'South Park' Member Berries: Trey Parker & Matt Stone Talk TV Debut and Befriending George Clooney

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It’s been 20 years since TV was
changed forever by four boys and their MA-TV language in a quiiiiiet
mounnnntain townnnn. While indulging in a few member berries, ET is looking
back at South Park and the day creators
Trey Parker and Matt Stone started satirizing everything we hold dear on August
13, 1997.

Immediately following the
animated series’ Comedy Central debut, ET sat down with Parker and Stone to
discuss the real South Park, the Colorado town in which the show takes place,
what made their TV debut nerve-wracking and how they ended up at the premiere
of Batman & Robin.

“[South Park] is actually an area
right in the middle of the Rocky Mountains and it's strange, because it's
almost a perfectly circular valley,” Parker said, with Stone adding: “South Park
is like if you were flying a UFO over Colorado, you would want to land in South
Park. It looks like a nice place to land.”

Growing up in a city 20 miles
away, Parker’s adolescence was filled with weird stories from this mysterious
land they appropriated for their Peabody-winning TV series. Years later, Comedy
Central aired the South Park pilot,
entitled “Cartman Gets an Anal Probe.” In a decade already obsessed with aliens
and UFOs, the episode was a perfect example of how the show would examine our
national discussions, while also giving a nod to the town that inspired it all.

“Because I was close to it, it
would be like, ‘Did you hear what happened in South Park this week?” Parker
said. “And even on the news it would be, ‘More cow mutilations in South Park.’”

Their 13-episode first season
demonstrated the series’ mixture of shock value and subtle sophistication,
which it has maintained all the way to its 21st season premiere next month. South Park has encouraged its audience
to think critically about everything from political beliefs to pop culture
opinions. The main characters were also written to challenge our memories of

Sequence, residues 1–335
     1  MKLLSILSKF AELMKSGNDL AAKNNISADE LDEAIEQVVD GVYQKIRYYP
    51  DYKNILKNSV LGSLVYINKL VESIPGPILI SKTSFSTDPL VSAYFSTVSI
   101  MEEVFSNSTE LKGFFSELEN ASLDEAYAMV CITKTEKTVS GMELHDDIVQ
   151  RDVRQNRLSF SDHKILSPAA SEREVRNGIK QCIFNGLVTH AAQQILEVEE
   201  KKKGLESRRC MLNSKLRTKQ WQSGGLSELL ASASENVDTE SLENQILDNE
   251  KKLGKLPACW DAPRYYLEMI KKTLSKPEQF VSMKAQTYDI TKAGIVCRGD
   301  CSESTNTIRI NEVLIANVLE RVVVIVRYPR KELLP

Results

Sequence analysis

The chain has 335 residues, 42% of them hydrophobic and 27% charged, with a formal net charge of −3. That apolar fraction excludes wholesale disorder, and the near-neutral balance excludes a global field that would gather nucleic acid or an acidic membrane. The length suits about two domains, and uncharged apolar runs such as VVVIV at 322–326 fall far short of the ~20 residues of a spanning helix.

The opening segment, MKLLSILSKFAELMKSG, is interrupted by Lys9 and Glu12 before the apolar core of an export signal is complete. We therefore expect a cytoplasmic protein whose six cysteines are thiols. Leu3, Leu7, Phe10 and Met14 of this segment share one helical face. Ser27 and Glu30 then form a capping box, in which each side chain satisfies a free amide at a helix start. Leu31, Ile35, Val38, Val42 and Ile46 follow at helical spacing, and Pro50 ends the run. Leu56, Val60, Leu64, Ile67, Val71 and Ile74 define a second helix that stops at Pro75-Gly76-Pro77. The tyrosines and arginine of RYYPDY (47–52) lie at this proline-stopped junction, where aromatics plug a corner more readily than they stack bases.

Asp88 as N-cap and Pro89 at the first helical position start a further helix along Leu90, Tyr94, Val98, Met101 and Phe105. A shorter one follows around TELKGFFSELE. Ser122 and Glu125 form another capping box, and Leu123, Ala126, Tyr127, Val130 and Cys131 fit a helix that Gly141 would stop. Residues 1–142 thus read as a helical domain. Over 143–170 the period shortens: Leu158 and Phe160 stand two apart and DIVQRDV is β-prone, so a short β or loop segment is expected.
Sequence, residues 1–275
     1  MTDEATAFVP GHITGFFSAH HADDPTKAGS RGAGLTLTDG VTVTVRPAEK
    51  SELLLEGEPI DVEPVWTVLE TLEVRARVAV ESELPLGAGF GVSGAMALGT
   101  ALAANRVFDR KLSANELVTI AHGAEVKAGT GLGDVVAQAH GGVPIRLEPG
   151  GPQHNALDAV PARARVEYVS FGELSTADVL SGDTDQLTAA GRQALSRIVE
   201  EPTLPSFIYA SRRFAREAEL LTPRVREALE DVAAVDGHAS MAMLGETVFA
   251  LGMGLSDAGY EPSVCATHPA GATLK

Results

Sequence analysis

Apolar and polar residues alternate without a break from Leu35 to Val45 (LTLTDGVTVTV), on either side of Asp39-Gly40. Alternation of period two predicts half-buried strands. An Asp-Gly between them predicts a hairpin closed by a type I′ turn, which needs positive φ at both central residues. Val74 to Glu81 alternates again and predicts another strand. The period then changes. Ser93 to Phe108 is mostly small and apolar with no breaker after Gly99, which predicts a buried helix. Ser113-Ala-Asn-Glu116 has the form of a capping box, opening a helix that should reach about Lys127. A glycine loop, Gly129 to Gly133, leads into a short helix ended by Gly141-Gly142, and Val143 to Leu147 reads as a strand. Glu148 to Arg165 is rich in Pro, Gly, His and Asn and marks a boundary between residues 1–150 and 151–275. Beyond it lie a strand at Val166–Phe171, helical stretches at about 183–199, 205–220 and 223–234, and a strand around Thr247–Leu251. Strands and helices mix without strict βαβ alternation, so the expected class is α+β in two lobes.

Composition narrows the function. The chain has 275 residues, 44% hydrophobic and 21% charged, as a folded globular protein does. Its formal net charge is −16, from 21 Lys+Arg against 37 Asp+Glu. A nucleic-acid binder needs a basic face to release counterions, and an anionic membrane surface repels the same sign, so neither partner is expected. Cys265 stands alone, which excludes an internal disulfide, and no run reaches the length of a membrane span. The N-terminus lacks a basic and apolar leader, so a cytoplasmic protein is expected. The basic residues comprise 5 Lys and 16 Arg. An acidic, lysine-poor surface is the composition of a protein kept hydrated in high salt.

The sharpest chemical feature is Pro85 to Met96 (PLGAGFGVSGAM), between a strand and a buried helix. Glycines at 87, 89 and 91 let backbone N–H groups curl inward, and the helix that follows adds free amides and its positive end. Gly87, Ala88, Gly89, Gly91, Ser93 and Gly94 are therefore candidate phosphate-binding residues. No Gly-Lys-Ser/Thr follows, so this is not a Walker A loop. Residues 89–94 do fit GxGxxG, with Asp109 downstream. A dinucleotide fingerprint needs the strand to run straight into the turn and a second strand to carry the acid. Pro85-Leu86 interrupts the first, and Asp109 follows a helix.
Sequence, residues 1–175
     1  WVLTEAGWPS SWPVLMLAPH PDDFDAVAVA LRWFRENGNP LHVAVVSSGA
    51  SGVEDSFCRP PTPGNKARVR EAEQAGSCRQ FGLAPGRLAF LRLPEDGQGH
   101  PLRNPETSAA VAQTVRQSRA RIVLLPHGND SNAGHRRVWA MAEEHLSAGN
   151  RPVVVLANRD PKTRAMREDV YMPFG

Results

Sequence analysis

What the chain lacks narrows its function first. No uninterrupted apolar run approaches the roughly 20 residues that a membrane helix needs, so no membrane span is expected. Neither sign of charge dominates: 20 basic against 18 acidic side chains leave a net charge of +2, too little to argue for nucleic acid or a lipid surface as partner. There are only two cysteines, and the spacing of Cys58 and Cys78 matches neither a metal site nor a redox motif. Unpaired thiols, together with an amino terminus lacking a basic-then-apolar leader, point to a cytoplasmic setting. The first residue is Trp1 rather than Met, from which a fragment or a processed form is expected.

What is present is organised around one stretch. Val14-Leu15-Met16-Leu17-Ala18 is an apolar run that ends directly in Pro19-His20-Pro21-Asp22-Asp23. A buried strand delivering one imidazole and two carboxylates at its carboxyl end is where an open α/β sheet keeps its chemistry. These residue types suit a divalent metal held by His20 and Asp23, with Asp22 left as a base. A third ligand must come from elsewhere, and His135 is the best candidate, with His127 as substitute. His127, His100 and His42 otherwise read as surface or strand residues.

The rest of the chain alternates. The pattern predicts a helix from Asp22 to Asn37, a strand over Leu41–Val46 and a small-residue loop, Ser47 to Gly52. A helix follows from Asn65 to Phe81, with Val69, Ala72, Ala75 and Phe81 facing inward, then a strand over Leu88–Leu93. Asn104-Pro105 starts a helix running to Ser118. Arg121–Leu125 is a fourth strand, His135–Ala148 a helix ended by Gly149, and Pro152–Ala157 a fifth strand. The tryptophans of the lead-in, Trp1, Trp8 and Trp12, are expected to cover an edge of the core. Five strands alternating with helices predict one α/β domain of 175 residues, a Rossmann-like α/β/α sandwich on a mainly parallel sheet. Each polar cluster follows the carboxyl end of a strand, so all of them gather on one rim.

childhood and force us to consider if their portrayal is more accurate than we
were initially ready to admit.

Comedy Central

“Everyone talks about, ‘Oh, the
beauty and naivety of children,’ but if you think back to what you were in
third grade, you would have -- everyone was kind of a rotten jerk, you know?”
Parker said.

“We wanted to do a show that
wasn't adults projecting what they thought kids should be. This is what kids
are,” Stone said. The boys emulate Parker and Stone’s childhoods even further
by directly reflecting each of the co-creators, respectively. Parker is Stan.
Stone is Kyle. “And we’re both kind of Cartman,” Parker said.

Leading up to the premiere, they
were surprised by the number of reviews the show received and the intensity
with which people were judging it. This new series from Comedy Central, made
almost entirely from construction paper,had
already found itself being compared to The
. As that show was about to start its ninth season, Parker and
Stone felt it was unfair to judge South
up against the long-running, critically acclaimed series.
Foreshadowing a future episode, many TV critics were looking at South Park simply as another attempt at
an animation comedy geared toward adults and dismissing it with: “SIMPSONS DID

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“One of the reviewers said, ‘Well,